Lawrence offered EyeGaze as a possibility for Ivan.

“When I first met Ivan there was such a ‘spark’ of understanding that you could see in his face and expressions that I was sure he would have a lot to say if he was able to communicate it,” Lawrence said.

Ivan likes to paint using EyeGaze.

“I knew given the difficulty he had controlling his arms that the best chance of him effectively communicating would be with something like the EyeGaze system,” Lawrence added.

Before Ivan could qualify for the device, he had to go through a series of tests at the Vanderbilt Bill Wilkerson Center, which specializes in diseases of the ear, nose, and throat, and communication disorders.

“He had to hit targets on a screen with his eyes, and he hit every target,” Cheyenne said. “To show proof, he had to go back week after week, and he blew through it all.”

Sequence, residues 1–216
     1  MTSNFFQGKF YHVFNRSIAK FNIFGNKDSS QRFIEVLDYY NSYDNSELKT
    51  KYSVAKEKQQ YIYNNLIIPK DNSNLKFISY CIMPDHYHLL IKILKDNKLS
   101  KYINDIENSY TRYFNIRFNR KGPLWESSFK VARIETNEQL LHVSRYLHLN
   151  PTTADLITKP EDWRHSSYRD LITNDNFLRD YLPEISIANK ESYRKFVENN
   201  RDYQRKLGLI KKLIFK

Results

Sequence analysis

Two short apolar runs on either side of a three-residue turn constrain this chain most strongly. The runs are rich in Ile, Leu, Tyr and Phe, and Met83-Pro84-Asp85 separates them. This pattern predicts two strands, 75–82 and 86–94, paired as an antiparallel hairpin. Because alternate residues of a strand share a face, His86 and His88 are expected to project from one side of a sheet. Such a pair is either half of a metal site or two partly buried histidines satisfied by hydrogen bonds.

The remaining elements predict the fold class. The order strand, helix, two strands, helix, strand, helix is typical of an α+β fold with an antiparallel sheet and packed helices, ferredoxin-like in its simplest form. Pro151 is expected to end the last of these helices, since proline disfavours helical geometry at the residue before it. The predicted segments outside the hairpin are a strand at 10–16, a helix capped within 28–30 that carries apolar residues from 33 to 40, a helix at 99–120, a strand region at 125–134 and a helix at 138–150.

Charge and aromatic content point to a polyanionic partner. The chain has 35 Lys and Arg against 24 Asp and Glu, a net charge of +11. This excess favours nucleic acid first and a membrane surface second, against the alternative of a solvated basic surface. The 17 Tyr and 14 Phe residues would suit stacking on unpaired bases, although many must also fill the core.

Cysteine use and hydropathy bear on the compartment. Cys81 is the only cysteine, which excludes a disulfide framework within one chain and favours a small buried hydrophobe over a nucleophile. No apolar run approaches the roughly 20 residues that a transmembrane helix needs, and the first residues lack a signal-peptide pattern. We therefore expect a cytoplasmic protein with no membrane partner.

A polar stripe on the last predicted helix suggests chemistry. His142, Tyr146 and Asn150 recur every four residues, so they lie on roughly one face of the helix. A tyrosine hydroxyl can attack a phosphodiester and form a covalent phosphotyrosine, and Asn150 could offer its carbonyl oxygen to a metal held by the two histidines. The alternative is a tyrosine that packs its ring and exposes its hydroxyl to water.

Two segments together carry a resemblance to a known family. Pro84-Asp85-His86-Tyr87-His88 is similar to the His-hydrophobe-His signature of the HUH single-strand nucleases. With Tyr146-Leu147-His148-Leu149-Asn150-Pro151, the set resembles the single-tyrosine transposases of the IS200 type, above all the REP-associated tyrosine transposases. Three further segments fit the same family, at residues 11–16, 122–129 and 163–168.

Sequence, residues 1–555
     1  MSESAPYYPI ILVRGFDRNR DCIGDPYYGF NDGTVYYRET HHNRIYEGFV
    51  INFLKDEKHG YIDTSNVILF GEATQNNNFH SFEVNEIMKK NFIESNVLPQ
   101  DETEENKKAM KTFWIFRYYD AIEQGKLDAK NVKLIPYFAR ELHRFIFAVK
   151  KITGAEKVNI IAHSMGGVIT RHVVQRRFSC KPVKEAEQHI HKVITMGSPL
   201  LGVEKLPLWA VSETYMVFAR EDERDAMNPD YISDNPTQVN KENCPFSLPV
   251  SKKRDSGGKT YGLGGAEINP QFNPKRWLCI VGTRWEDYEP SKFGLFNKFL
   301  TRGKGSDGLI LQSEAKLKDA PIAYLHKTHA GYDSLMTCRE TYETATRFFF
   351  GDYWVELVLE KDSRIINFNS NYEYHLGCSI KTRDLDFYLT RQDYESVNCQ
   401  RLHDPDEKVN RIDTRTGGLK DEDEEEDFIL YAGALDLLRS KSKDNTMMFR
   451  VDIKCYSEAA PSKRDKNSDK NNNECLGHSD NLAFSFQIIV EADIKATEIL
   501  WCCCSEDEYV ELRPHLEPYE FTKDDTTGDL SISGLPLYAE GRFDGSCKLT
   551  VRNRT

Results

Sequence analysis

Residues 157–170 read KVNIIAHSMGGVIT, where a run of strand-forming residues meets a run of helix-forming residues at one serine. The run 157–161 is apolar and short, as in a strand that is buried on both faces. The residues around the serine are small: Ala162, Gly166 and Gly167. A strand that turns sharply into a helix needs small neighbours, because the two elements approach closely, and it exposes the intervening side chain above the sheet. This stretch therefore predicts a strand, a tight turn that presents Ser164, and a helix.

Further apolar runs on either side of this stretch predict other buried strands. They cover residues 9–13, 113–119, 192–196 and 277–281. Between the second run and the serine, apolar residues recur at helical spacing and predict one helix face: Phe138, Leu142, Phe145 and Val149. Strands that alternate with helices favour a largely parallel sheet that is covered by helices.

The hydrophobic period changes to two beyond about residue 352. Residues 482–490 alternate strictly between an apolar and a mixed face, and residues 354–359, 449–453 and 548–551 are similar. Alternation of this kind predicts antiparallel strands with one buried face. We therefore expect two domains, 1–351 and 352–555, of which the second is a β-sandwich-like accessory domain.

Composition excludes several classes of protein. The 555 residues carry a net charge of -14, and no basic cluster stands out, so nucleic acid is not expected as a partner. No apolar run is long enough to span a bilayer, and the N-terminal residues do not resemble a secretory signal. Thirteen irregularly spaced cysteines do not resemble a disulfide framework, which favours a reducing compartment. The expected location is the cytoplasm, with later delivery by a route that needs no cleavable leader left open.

Now, he can tell his mom when he needs to be moved or is hurting, and he can say, “I love you.”

Over the years, Ivan has spent a lot of time in the hospital and clinics at Monroe Carell, seeing a host of doctors, in urology, complex care, developmental medicine, orthopaedics, neurology, pulmonology and endocrinology, among others. Being able to communicate with the tool has been invaluable.

Ivan Asher, center, poses with country pop duo Dan Smyers and Shay Mooney, who make up Dan + Shay, along with television host and producer Ryan Seacrest in Seacrest Studios at Monroe Carell.